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Engineering Gas Sensors With Aerosol Nanocrystals

[+] Author Affiliations
Ganhua Lu, Liying Zhu, Stephen Hebert, Junhong Chen

University of Wisconsin at Milwaukee, Milwaukee, WI

Edward Jen

Nicolet High School, Glendale, WI

Leonidas Ocola

Argonne National Laboratory, Argonne, IL

Paper No. MNC2007-21301, pp. 113-114; 2 pages
  • 2007 First International Conference on Integration and Commercialization of Micro and Nanosystems
  • First International Conference on Integration and Commercialization of Micro and Nanosystems, Parts A and B
  • Sanya, Hainan, China, January 10–13, 2007
  • Conference Sponsors: Nanotechnology Institute
  • ISBN: 0-7918-4265-7 | eISBN: 0-7918-3794-7
  • Copyright © 2007 by ASME and Argonne National Laboratories


Rutile tin oxide (SnO2 ) is a wide band gap (3.6 eV at 300K [1]) n-type semiconductor material. It is widely used as sensing elements in gas sensors [2]. The sensing mechanism is generally attributed to the significant change in the electrical resistance of the material associated with the adsorption/desorption of oxygen on the semiconductor surface [3]. The formation of oxygen adsorbates (O2 − or O− ) results in an electron-depletion surface layer due to the electron transfer from the oxide surface to oxygen [4]. Recent studies [5, 6] have shown that use of tin oxide nanocrystals significantly improves the dynamic response and the sensitivity of sensors since the electron depletion may occur in the whole crystallite. Here we report on the fabrication and characterization of a miniaturized gas sensor based on tin oxide nanocrystals. A simple, convenient and low-cost mini-arc plasma source is used to synthesize high-quality tin oxide nanoparticles in aerosol phase at atmospheric pressure. The nanoparticle sensor is then fabricated by electrostatic assembly of product tin oxide nanoparticles onto e-beam lithographically patterned interdigitated electrodes. The microfabricated nanoparticle sensor exhibits good sensitivity and dynamic response to low-concentration ethanol vapor and hydrogen gas diluted in air.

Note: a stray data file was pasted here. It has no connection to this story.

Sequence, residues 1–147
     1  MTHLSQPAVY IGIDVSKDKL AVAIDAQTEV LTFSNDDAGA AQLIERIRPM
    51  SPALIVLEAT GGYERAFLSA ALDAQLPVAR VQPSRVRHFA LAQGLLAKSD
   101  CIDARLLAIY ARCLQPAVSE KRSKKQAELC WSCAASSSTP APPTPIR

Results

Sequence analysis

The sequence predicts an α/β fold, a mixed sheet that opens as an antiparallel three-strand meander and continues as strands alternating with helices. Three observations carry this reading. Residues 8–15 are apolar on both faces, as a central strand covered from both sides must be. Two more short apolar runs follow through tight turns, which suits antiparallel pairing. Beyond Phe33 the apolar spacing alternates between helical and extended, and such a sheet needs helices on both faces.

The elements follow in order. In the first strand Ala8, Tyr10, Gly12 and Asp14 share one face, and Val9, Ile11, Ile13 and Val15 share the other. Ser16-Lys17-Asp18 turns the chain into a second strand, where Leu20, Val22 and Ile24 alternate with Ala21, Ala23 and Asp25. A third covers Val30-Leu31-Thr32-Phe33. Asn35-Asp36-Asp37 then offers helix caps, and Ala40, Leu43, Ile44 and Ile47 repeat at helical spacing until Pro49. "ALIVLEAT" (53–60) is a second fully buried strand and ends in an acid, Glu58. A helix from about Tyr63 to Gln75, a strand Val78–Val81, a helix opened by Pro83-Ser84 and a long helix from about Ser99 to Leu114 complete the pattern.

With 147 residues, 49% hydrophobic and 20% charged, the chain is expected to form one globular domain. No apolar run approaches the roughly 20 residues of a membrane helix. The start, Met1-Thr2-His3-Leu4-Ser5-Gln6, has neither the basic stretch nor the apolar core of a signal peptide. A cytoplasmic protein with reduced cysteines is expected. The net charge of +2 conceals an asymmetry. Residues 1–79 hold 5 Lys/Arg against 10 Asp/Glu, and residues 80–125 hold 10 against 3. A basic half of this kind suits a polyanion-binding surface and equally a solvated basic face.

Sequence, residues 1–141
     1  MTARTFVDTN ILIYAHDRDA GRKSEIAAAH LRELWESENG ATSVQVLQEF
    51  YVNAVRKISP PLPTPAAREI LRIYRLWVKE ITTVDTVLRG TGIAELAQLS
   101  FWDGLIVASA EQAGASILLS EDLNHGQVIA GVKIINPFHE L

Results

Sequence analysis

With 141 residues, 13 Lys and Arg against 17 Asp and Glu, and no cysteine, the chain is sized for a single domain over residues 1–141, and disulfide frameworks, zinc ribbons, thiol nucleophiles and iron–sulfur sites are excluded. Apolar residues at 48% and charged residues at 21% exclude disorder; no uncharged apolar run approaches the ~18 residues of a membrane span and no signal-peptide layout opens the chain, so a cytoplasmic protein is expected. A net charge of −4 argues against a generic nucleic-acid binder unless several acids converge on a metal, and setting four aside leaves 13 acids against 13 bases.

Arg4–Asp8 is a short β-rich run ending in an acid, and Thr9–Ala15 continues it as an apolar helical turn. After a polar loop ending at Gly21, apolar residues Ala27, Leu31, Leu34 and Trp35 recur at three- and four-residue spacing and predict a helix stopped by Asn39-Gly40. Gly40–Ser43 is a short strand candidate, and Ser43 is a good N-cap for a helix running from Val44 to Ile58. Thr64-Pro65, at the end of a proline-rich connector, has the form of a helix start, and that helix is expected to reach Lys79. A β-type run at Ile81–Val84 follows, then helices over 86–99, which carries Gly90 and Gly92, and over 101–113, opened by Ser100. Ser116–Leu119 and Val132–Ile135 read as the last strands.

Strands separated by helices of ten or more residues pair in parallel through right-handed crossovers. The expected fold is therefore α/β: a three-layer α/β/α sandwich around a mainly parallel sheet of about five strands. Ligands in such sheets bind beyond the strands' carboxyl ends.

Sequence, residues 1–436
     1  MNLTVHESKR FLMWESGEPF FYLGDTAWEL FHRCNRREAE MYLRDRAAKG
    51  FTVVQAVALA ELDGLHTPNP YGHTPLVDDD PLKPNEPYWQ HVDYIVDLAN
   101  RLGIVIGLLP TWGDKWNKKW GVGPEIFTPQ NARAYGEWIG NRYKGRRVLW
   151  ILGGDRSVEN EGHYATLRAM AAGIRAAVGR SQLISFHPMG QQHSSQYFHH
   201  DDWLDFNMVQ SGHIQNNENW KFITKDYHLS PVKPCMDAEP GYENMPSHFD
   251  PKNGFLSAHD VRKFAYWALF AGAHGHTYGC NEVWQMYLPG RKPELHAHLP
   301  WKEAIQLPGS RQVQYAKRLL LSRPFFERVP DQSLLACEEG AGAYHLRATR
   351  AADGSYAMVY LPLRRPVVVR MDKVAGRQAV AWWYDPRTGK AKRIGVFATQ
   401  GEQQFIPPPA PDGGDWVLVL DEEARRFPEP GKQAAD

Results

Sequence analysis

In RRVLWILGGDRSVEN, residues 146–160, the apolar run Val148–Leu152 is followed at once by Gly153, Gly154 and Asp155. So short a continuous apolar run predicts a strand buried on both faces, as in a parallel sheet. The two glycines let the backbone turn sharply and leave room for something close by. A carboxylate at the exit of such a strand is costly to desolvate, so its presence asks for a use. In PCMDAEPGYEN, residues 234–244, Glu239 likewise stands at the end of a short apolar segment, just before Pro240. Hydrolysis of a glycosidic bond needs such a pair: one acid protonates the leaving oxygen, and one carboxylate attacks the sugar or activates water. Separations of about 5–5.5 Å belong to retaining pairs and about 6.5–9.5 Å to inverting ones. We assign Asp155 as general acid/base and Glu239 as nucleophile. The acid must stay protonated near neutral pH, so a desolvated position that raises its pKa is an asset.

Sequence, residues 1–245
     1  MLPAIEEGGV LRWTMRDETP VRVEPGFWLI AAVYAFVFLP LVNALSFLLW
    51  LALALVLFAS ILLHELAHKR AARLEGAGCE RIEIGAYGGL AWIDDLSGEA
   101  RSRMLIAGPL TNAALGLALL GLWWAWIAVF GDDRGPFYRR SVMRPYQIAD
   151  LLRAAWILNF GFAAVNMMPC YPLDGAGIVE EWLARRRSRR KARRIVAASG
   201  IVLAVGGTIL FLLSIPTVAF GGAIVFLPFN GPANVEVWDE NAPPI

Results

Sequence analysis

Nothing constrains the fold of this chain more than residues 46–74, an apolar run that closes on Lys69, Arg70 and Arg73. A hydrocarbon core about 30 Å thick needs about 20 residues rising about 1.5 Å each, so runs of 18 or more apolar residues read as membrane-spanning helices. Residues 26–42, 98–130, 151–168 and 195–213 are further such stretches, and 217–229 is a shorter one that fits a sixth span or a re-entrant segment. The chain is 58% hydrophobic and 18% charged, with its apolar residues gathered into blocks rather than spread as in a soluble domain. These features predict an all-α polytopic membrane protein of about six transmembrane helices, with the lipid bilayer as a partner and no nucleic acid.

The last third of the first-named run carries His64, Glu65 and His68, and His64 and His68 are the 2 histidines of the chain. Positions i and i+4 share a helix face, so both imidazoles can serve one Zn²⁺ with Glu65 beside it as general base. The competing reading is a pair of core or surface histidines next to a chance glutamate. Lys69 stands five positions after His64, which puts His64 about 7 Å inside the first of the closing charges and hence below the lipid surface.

Copyright © 2007 by ASME and Argonne National Laboratories



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